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Painter Created Million-Dollar Forgeries In Queens Garage, Officials Say

An anonymous painter in New York City created dozens of art forgeries, which sold for more than $80 million, according to prosecutors. The man isn't facing charges — but those who allegedly sold his canvases as the work of artists including Jackson Pollock and Robert Motherwell are in trouble.
NPR

Fight Food Waste: Drink Rum, Matey

Pirates, pokers and alleged demonic origins — the history of rum is filled with raucousness and rebellion. To celebrate National Rum Day, we bring you tales from this drink's past, including its laudable origins as a food waste solution.
WAMU 88.5

Another America: Liberia's Story

In 1840, a group of about 80 African-Americans set sail for the west coast of Africa to establish a new nation based on ideals gleaned from the American experiment. We explore Liberia's unique history.

NPR

Eating On Mars? Be Sure To Pack The Tortillas

It's not the hard work that will make astronauts lose it on long planetary missions — it's boredom. And something that can become very boring very fast is a rote menu. A simulated Mars mission reveals why cooking for others will be vital on long space journeys, and why wraps rule.
NPR

What's Making Headlines Outside Of Washington?

Congress has gone home for its annual August recess, so Tell Me More takes a look at headlines in places across the country. Guest host Celeste Headlee talks with Mike Leary from the San Antonio Express-News and Dana Coffield of The Denver Post.
NPR

Mali's Challenger Concedes, As Zimbabwe Fights Election Results

Guest host Celeste Headlee and editor Ammad Omar crack open the inbox for listener feedback and story updates. This week, they discuss recent elections in Africa.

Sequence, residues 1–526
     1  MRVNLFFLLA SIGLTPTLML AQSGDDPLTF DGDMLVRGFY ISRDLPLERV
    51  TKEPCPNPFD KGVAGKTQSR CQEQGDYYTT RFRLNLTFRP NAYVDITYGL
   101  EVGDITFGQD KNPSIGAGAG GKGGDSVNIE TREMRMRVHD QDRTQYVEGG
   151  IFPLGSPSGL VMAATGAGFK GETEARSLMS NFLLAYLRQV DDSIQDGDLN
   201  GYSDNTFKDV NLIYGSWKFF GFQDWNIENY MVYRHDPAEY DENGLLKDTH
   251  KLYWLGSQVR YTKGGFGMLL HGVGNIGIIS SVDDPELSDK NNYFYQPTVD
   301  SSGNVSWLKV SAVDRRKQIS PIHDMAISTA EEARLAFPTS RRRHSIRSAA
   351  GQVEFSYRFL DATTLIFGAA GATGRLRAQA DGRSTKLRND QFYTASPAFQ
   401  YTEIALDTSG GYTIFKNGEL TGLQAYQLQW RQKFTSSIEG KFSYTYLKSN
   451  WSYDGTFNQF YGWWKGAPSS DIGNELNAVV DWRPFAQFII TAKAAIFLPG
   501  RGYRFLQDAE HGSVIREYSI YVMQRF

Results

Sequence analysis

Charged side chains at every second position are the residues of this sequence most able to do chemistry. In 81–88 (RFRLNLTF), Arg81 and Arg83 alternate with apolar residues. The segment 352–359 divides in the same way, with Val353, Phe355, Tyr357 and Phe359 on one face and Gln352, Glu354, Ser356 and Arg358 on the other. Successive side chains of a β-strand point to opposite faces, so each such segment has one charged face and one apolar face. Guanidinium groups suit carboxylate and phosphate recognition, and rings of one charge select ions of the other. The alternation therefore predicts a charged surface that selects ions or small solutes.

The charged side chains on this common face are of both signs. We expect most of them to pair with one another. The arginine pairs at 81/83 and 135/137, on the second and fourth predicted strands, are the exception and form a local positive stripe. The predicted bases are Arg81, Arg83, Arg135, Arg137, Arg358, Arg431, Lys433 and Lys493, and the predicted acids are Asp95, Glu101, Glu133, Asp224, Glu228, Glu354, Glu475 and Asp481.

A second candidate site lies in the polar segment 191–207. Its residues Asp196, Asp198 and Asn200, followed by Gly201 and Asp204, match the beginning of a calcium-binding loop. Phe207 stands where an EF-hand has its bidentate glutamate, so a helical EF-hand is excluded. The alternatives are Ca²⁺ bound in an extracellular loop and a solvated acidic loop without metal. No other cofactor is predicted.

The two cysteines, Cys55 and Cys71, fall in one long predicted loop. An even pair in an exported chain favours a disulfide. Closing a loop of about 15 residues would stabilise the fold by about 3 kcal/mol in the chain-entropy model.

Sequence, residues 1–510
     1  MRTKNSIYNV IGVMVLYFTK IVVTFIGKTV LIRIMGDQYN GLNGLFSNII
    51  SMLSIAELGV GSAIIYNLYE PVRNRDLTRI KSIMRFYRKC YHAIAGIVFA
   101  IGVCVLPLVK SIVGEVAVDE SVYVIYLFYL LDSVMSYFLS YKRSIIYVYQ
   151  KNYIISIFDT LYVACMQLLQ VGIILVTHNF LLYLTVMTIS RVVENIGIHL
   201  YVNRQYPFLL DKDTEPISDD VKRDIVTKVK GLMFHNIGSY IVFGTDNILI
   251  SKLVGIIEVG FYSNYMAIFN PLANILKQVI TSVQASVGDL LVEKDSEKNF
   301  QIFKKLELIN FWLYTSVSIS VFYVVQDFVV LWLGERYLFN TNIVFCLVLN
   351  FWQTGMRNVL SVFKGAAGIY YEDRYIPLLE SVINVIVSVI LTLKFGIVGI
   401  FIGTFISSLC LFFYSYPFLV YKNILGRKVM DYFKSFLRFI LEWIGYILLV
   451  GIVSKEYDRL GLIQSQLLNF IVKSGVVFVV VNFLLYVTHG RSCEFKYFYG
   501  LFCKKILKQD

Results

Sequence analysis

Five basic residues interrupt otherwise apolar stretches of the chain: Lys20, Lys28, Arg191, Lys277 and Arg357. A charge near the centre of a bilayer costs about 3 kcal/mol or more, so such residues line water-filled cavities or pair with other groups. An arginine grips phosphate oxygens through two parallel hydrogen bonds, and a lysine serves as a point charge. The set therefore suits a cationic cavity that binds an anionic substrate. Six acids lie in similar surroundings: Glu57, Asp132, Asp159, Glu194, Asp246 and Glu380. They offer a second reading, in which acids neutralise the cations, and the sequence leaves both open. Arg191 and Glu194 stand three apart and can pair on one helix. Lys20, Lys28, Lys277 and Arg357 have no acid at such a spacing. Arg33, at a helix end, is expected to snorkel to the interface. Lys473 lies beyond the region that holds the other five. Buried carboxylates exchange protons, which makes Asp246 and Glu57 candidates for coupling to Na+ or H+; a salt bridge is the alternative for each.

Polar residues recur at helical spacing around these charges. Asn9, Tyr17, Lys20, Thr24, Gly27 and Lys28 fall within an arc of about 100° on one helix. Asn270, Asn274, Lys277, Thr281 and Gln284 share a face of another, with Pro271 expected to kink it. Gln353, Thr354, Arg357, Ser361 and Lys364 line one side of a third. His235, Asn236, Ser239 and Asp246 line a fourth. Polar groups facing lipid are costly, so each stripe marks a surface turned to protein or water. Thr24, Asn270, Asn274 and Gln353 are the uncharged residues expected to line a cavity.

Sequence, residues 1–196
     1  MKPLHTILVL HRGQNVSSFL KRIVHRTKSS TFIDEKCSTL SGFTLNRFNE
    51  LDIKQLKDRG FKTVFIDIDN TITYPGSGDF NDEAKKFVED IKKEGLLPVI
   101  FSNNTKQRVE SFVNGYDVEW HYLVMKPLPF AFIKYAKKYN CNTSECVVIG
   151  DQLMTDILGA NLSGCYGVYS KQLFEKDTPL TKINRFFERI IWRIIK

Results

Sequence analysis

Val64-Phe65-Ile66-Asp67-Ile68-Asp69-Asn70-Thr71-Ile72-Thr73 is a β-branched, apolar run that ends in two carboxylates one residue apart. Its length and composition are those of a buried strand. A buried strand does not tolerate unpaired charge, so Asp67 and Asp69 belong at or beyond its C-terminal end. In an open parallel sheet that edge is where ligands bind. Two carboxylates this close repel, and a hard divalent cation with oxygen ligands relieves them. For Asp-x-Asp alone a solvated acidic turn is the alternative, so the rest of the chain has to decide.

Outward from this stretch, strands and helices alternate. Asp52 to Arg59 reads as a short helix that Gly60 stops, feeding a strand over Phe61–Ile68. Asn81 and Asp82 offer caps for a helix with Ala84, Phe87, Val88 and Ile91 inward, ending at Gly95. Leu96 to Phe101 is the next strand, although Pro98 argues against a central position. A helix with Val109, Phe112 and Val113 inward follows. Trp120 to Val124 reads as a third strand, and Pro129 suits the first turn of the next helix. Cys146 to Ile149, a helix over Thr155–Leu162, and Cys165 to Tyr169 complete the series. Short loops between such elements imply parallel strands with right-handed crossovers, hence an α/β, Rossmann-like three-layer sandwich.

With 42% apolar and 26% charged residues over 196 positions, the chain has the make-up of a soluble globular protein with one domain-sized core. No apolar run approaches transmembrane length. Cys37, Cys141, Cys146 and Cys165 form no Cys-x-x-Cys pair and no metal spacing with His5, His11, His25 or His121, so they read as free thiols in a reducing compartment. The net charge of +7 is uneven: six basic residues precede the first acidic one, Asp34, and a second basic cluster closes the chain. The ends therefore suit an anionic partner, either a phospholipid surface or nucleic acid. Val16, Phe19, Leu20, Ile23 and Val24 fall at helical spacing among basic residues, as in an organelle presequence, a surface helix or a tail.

NPR

Could Prison Spell The End Of The Jackson Dynasty?

Former congressman Jesse Jackson Jr. was sentenced to prison for illegal use of campaign funds. Is this the end of the Jackson legacy or could he make a comeback? The Barbershop guys weigh in.
NPR

Book News: English Translation Of New Murakami Novel Expected In 2014

Also: Nobel laureate Wole Soyinka at home in Nigeria; an unexpected Eugene O'Neill artifact; a poet turns to Craigslist.
NPR

Herzog Plumbs Guilt And Loss Wrought By Texting And Driving

Werner Herzog's latest project is a slight departure for the acclaimed filmmaker: a 35-minute public service announcement on the dangers of texting and driving. Yes, it's long, he says, but the "inner landscape" of great suffering such accidents can cause "can only be shown if you have more time."
NPR

Can Quinoa Farming Go Global Without Leaving Andeans Behind?

At a "quinoa summit" this week, farmers from around the world are trading tips on how to turn this ancient Andean grain into a large-scale crop. Some Andean farmers who currently grow quinoa are asking, "What happens to us?"

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